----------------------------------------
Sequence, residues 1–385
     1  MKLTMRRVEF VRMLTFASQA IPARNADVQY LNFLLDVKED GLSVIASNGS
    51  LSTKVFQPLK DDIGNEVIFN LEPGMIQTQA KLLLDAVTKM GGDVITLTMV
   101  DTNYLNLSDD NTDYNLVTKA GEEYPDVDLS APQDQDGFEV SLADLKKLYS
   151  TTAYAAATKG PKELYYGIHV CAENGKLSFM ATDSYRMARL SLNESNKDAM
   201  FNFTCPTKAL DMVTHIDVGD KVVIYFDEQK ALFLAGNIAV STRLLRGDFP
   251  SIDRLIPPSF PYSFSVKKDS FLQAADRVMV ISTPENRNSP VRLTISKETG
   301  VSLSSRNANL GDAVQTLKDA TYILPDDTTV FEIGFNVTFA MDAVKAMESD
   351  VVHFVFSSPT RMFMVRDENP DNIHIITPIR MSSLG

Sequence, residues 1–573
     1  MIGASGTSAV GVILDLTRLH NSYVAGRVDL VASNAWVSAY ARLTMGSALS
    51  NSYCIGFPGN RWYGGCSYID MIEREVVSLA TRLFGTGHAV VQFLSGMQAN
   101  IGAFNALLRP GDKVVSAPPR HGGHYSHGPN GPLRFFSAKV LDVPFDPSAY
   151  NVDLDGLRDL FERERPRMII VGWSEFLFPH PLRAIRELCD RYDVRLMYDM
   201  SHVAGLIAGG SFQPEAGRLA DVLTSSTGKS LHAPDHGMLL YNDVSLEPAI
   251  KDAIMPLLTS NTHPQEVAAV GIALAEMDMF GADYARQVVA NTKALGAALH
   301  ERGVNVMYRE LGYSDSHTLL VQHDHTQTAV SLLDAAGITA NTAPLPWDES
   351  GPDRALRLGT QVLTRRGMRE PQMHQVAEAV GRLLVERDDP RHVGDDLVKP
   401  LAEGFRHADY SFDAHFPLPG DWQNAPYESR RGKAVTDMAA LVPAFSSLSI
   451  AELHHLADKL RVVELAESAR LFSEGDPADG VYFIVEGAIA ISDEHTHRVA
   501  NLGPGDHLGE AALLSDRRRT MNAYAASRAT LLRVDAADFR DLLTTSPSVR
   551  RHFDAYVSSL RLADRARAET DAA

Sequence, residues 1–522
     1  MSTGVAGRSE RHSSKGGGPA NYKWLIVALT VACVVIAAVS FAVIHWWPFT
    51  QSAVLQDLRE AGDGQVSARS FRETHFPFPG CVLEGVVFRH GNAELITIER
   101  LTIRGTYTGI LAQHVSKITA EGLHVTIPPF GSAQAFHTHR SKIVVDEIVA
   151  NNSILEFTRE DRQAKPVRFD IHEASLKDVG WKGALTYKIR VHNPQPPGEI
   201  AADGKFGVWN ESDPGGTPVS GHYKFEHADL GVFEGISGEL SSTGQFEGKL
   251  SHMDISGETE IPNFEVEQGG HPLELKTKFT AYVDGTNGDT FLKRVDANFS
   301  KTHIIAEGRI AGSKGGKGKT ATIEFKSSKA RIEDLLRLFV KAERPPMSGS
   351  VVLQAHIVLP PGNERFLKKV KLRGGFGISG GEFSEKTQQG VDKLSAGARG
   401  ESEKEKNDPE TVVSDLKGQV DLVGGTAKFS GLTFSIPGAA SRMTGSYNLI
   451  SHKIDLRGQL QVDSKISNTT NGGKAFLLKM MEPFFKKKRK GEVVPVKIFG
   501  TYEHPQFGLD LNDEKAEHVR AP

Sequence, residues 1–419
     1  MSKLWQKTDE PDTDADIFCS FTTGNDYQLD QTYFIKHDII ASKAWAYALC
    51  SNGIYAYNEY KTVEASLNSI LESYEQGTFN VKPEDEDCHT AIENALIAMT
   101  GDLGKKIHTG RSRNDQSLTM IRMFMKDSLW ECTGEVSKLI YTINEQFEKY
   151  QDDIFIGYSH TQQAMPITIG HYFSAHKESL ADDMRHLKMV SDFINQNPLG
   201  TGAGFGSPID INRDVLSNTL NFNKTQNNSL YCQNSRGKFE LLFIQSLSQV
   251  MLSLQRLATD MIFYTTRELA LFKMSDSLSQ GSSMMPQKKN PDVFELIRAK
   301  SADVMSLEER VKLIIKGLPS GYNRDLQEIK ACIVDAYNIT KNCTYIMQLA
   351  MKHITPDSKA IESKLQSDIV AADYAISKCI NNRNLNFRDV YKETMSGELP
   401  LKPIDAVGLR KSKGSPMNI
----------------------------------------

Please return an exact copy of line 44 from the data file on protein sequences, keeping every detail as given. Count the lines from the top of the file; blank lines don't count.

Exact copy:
   401  LKPIDAVGLR KSKGSPMNI